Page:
After the synthetic test of CCP imaging, the resulting best-fit velocity models derived from waveform inversion of receiver functions at each station (Supplementary Fig. 3) are merged as a quasi-two-dimensional migration model to replace the prior model in the CCP imaging. As the cross-sections of the receiver functions (Fig. 1B) hint at a dipping structure, a dipping converter at the dipping layered structures7,23 is also utilized in the migration. Finally, we obtain the refined CCP image along the CMSP (Fig. 4A). Three strong running phases, including a positive phase at a depth of ~30–35 km and two eastward-dipping phases (a negative phase above and a positive phase below) in the depth range of ~40–100 km in the western part are identified in the CCP image and are real velocity discontinuities, not the signals of multiple waves from shallow structures.
The crustal image revealed by CCP stacking (Fig. 4A) effectively divides the crust into three parts with different features roughly corresponding to the surface tectonic units. The Shan Plateau in the eastern part of the section (stations M30–M46) features a relatively gentle Moho topography at a depth of ~30 km and then deepens westward to 34–36 km. The Moho is uplifted ~2 km and is weakened beneath the Sagaing fault (stations 28–29), indicating that this fault may extend through the crust. Beneath the Central Lowland (stations M09–M29), the Moho topography is rugged, and the crust–mantle transition is sharp in the center and diffuse on both sides. Under the IBR, a strong positive velocity discontinuity appears at a depth range of 50 km (beneath station M00) −70 km (beneath station M06). This discontinuity may indicate the Moho interface of the subducting Indian Plate underlying a 20–30 km-thick accretionary wedge.
A prominent eastward-dipping structure is imaged beneath the western CMSP. Two parallel interfaces tilt down 19° with a thickness of 23–39 km (average thickness of 30 km). The top interface of the dipping structure is identified by the negative running phase in the CCP image, and the bottom interface is identified by the positive running phase between depths of ~70 and 100 km.
Reliability analysis of CCP imaging of the gently dipping structure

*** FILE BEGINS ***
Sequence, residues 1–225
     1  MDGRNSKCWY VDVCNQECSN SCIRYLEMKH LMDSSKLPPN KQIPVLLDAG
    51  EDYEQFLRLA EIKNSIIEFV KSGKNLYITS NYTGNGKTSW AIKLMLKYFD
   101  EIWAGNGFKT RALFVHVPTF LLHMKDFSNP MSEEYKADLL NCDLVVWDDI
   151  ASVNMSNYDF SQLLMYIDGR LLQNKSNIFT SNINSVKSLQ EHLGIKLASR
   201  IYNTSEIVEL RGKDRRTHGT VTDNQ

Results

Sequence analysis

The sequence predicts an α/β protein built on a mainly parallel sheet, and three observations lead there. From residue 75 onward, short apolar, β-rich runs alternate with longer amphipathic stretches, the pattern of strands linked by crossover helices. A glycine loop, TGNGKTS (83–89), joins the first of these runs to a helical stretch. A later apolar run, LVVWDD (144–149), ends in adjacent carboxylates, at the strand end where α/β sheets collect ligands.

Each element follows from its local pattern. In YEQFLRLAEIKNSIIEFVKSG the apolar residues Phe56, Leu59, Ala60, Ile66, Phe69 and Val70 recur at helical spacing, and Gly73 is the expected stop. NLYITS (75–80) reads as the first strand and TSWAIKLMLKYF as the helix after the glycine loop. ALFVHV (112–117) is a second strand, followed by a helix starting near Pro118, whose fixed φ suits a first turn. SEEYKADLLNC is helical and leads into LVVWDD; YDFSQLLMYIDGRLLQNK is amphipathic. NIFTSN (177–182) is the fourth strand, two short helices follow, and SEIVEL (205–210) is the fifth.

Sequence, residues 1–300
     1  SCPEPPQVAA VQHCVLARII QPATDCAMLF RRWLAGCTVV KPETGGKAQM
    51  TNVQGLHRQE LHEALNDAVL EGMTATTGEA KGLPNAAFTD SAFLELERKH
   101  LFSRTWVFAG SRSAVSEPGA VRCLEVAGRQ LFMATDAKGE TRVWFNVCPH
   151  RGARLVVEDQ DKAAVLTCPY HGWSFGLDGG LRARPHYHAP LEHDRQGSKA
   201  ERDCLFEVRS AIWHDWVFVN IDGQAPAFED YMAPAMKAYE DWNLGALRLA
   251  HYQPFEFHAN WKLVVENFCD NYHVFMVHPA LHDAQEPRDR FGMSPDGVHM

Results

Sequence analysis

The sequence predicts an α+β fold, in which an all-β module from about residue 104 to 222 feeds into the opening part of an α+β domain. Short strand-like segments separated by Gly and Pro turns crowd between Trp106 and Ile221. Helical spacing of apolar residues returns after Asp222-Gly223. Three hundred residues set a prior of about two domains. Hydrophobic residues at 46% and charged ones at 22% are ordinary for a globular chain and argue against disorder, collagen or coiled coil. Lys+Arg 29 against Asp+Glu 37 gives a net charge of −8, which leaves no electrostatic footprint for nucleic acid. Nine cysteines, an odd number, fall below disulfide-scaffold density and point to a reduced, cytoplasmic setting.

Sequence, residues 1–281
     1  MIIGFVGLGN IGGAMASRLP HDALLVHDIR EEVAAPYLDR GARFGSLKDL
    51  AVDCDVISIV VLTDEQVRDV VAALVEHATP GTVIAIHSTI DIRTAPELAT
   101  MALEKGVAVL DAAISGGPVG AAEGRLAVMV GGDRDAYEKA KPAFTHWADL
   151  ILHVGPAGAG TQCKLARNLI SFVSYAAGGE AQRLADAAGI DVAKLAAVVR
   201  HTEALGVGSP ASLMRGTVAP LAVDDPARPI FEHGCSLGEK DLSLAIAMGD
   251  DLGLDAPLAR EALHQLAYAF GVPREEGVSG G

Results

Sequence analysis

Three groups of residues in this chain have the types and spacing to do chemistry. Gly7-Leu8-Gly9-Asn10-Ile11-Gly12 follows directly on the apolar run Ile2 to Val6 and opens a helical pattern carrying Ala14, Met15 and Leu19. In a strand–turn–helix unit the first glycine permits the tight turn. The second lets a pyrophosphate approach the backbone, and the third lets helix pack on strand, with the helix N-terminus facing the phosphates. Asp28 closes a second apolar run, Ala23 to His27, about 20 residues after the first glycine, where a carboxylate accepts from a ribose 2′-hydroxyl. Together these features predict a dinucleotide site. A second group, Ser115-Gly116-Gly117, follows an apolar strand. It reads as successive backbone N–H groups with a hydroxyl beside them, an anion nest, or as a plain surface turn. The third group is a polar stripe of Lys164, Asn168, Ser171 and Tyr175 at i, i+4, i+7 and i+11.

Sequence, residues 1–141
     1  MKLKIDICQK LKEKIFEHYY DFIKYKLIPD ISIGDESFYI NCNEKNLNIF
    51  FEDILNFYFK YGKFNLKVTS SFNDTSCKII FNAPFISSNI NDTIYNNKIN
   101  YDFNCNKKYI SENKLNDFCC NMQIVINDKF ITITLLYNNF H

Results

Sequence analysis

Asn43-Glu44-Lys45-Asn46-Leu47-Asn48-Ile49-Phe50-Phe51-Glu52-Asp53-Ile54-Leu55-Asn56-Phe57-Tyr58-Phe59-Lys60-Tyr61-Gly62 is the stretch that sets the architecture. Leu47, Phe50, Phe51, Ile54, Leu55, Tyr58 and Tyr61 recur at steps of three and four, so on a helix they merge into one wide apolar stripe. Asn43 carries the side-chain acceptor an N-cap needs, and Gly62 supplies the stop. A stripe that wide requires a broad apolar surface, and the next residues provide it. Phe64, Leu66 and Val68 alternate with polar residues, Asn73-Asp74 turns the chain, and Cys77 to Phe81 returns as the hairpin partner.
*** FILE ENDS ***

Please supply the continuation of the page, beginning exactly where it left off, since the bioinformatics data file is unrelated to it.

In our study, a gently dipping structure (~19°) is observed in the CCP image. Previous research has indicated that CCP stacking with a flat-layer migration model would be valid if the object to be reconstructed is horizontal or slightly inclined (<30°)7. Here, a dipping converter with an inclined structure7 is also utilized in migration for more accurate recovery of interfaces than that obtained by using a horizontal converter. We estimate the reliability of the resulting CCP imaging by synthetic tests. We compare the Moho depths of the overlying plate and the top and bottom interface depths, thicknesses, and dip angles of the gently dipping structure obtained from the resulting CCP images with those from the CCP images based on different migration models (Fig. 4B, Supplementary Table 2). The geometry of the interface is defined by the depth of the local maximum amplitude in the CCP images. The dip angle of the dipping structure is measured based on the linear regression line of the top interface. The results from the resulting CCP imaging are also shown in Fig. 4B. The test models include the migration models with different dipping layered structures, a modified PREM without a dipping structure in the upper mantle, and the best-fit velocity model as the migration model but a horizontal converter applied in the migration. The comparison of the interface depths and thicknesses between the tested and the resulting CCP images is used to estimate the reliability of the seismic imaging. The standard deviations of interface depths from models with dip angles <20° are <2 km at the top interface of the dipping structure and <1 km at the bottom interface of the dipping structure. Imaging based on migration using horizontal converters produces standard deviations similar to those of the models with low dip angles. The imaged dip angle from migration models with dip angles larger than 30° is 21°–22° and that from other migration models is 19°–20°. This analysis indicates that the dipping structure with a dip angle of ~19°–20° is a reliable result. The standard deviation of the Moho depth from PREM is 2.6 km, and the standard deviation of the interfaces of the dipping structure is 5.9 km. The standard deviations of the top interface with dip angles larger than 30° are ~3 km, and those of the bottom interface are 3–5 km. These results indicate the impact of setting a proper migration model in CCP imaging. Despite the large standard deviations obtained from PREM and the models with dip angles larger than 30°, prominent eastward-dipping structures are imaged in all of the tests. The reliability test of CCP imaging demonstrates that the gently dipping structure beneath the CMSP is not an artifact.